The cruelest problem with mental illness, of course, isn’t simply that it’s devastating to those who deal with it every day.
Bipolar disorder, depression and schizophrenia are hurtful in ways other illnesses are not. If untreated, they can lead their patients into behaviors — violence, crime, risky sex — that can be damaging to entire families and communities for years.
Studies that show that African-Americans have difficulty getting the help they need when it comes to mental illness are so frustrating. Lauren Harrison reported on the dearth of mental health care in the Black community on Long Island for Newsday:
African-Americans' access to mental health care can be affected by lack of financial resources, and their approach to such care is influenced by deep historical underpinnings, including stigma, suspicion of medical professionals and reliance on religion, experts say.
According to the 2011 survey, about 16 percent of people enrolled in mental health treatment in Suffolk County were African-American, compared with 66.1 percent who were white. In Nassau, 23.2 percent of those enrolled in mental health treatment were African-American, compared with 58.7 percent who were white.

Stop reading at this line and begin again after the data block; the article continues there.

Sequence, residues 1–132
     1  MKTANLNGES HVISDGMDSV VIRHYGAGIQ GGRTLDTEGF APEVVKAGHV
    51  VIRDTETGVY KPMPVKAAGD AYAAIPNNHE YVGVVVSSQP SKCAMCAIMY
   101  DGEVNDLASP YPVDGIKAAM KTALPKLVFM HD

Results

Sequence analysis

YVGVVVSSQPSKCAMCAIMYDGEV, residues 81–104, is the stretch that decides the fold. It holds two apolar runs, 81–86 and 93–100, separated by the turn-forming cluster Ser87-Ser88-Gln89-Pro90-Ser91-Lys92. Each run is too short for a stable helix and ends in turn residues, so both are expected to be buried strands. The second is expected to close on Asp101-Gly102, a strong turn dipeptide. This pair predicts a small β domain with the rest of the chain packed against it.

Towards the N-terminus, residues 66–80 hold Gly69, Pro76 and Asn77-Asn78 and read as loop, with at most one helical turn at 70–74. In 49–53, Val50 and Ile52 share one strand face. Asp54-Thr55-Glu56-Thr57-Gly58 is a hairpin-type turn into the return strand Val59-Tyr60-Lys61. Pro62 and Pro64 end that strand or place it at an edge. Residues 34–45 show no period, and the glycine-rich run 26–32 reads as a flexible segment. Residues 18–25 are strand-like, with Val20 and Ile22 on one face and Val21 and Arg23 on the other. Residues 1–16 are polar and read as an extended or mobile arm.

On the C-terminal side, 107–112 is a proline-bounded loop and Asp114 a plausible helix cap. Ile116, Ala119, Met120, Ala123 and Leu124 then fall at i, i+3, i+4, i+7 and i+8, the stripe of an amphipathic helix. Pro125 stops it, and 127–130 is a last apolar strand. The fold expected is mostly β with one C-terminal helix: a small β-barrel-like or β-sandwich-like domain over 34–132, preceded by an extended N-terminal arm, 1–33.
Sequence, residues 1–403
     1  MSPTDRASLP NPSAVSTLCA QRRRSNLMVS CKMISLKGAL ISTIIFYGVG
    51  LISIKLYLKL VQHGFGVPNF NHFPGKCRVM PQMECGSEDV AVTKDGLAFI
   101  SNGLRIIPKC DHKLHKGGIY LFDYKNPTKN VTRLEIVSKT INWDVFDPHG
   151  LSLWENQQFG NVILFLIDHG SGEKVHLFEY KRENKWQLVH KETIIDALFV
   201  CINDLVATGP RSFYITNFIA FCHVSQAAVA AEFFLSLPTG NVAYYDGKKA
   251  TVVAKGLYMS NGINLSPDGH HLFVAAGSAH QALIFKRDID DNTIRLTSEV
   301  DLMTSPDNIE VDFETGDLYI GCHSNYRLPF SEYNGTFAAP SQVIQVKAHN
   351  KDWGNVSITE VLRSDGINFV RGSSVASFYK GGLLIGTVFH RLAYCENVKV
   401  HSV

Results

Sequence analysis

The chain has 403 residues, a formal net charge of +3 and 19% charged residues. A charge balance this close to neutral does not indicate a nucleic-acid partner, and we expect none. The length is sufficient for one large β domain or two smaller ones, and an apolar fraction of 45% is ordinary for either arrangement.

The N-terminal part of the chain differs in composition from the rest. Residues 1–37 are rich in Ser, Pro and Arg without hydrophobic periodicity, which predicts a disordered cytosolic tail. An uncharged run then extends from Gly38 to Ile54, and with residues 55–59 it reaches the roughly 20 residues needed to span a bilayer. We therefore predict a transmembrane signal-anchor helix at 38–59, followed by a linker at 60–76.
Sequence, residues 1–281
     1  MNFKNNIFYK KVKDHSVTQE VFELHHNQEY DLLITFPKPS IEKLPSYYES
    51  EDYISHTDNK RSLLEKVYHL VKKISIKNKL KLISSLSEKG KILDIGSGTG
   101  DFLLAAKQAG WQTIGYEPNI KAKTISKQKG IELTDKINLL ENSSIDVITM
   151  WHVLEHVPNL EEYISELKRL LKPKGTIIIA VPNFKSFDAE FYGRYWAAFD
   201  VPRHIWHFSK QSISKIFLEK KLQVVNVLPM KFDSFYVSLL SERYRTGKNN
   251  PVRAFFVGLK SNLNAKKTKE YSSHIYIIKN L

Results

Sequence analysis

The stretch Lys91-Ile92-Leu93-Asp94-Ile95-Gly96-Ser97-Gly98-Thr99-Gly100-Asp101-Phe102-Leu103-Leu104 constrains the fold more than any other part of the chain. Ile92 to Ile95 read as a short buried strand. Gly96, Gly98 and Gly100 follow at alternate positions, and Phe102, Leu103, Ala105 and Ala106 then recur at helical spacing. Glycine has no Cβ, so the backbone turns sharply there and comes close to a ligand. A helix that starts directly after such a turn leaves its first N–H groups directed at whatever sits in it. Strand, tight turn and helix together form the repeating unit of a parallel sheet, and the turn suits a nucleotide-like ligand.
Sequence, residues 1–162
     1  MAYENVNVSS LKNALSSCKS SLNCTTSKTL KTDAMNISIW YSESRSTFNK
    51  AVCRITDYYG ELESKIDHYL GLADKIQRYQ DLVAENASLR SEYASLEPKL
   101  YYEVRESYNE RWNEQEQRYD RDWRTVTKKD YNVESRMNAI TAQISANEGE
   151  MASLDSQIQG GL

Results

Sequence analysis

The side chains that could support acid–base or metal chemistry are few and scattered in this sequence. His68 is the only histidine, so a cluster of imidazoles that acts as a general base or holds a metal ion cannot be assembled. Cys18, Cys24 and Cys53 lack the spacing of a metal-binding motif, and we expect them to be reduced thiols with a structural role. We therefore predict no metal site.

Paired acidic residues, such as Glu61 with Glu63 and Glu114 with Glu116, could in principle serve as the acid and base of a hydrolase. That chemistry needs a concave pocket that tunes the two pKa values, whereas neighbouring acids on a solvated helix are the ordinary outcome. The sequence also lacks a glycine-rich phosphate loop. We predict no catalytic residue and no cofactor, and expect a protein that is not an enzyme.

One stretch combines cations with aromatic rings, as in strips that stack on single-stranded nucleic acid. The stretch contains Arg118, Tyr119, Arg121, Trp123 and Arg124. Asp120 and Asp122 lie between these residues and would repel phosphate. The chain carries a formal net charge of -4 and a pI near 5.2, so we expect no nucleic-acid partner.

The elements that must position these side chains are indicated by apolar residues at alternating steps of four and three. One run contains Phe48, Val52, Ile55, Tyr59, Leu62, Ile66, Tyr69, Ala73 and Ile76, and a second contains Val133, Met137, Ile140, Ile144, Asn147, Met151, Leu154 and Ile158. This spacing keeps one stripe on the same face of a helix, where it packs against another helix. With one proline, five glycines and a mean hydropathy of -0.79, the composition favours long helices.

Outside of Long Island, the Black mental-health woes are not any better. According to the National Alliance on Mental Illness [PDF], disproportionately large Black populations in prisons and among the homeless are two major areas where mental illness thrives, and suicide rates among children aged 10 to 14 increased much faster for Blacks than whites over the past 15 years.
In short, mental illness is being allowed to run rampant in the Black community the way it isn’t in other communities in America. That has to change. Considering how things like mental illness and depression are linked with issues like crime and STDs, until we seriously attack mental illness, we’re also not seriously attacking several other issues.
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